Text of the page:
When I first scrolled past this hunk of smoked watermelon on my Instagram, I rolled my eyes in disgust, thinking it was another food fad with hopes of riding the viral wave that is social media. We’ve seen everything from a spot using avocados as hamburger buns (who in their right mind would think that is a delicious or functionally-sound idea?), a bakery turning cakes into pinatas filled with sprinkles (I’d rather have a regular cake than a pile of crunchy, stale sugar) and ice cream parlors shoving plastic tails into their cones and calling them mermaids (are you fucking kidding me?). Each one is an example of eateries capitalizing of the need of millennials to live their best life on social, while throwing out quality, innovation and practicality.
As I entered Duck’s Eatery in the East Village, I wanted to hate this watermelon. But I didn’t. I not only enjoyed it, but I found it to be a thoughtful, innovative dish that gave me hope that some viral food might not be complete trash. Chef Will Horowitz has been playing around with brining, lacto-fermenting and smoking whole fruits and vegetables to transform their molecules into something unlike what you—or your taste buds—were expecting. By going through this process, the resulting fruit swaps out a great deal of sweetness for a punch of sour and umami, mirroring much of the experience you’d get from meat.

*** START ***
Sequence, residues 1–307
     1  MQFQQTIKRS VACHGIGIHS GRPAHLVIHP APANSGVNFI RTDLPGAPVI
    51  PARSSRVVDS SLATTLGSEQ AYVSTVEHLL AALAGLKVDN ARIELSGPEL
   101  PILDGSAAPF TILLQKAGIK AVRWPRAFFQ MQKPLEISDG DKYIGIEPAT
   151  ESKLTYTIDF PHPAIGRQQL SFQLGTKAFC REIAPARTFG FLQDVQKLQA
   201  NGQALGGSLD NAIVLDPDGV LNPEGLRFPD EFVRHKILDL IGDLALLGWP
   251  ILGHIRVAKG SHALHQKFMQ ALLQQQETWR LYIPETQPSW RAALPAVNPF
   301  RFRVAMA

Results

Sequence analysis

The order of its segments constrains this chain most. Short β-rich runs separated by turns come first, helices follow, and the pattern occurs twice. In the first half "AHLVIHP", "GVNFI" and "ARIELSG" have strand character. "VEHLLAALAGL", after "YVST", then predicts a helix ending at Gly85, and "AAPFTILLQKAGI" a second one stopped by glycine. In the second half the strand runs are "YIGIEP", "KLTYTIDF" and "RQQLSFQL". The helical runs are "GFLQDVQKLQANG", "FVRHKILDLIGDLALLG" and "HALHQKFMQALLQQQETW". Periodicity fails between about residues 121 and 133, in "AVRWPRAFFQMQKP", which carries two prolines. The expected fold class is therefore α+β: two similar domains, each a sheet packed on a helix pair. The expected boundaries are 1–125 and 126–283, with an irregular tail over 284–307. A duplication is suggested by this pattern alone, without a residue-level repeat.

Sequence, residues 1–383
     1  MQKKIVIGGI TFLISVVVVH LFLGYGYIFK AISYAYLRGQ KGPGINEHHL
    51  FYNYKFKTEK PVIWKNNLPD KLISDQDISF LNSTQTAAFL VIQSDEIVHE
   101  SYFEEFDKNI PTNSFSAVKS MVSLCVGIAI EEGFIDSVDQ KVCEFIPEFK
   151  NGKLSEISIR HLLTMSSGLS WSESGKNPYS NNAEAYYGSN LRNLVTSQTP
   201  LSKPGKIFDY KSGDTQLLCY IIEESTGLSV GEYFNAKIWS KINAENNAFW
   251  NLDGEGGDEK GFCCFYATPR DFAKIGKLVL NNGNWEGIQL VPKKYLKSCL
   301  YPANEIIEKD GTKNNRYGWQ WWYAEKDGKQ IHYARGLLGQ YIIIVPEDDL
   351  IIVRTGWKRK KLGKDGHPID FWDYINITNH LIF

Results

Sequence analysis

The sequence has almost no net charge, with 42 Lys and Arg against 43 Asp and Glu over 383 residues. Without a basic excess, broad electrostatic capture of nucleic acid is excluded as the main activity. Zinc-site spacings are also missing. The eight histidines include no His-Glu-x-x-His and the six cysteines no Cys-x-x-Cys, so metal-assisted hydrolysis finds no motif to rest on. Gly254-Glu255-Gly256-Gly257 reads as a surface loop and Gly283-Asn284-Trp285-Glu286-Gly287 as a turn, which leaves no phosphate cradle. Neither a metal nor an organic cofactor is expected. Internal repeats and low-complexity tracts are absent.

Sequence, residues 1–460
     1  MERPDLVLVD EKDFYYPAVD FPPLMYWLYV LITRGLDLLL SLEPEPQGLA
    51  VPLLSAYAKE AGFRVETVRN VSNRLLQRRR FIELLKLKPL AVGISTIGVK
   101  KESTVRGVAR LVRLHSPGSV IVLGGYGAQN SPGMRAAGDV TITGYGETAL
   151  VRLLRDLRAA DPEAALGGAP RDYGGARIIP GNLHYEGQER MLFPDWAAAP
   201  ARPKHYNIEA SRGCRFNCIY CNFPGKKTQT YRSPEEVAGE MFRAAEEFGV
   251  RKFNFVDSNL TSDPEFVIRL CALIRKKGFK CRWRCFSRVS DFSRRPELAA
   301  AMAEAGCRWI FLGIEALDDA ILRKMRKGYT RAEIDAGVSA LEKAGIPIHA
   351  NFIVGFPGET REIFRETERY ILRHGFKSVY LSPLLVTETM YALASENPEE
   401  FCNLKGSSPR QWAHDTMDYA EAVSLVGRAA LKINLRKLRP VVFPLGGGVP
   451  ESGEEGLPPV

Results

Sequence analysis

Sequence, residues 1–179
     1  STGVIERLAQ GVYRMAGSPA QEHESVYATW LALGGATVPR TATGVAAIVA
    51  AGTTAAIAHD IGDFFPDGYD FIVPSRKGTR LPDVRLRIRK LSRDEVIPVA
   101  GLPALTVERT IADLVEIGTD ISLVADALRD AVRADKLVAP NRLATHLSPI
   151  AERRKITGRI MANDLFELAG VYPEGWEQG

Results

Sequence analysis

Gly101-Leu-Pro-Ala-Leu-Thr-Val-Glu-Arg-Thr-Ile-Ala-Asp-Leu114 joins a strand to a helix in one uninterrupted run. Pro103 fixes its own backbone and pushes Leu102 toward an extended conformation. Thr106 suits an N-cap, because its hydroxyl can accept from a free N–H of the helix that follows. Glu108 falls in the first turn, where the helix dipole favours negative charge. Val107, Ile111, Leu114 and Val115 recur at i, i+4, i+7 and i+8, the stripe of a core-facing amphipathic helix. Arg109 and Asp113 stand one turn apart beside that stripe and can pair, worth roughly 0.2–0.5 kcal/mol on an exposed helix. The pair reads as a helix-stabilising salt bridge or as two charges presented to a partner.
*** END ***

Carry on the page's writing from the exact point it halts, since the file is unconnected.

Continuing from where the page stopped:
Okay, let’s be real, it’s not trying to be ham, other than its scored shape and the fact that it’s smoked. Instead, this is a dish that’s going to make you rethink everything you thought about watermelon by using cooking techniques that have been around for thousands of years. I will say that I wouldn’t necessarily want to eat a whole plate of it (in the same way that I wouldn’t want a huge plate of ham), but I would recommend giving it a try just to see fermentation and smoking can create a completely new flavor profile for fruit.
I didn’t stop there. While the watermelon is an order-ahead large format item ($75 and comes with one snack and three sides), the menu always sports a smoked cantaloupe burger ($16) following the same techniques. The cantaloupe takes on a firmer texture akin to eggplant, paired with caramelized onions and ranch to give you the salty, sweet and savory aspects you crave in a burger without ever having a patty.
Come for the ’gram, stay for the fruit. It’s truly more than meats the eye.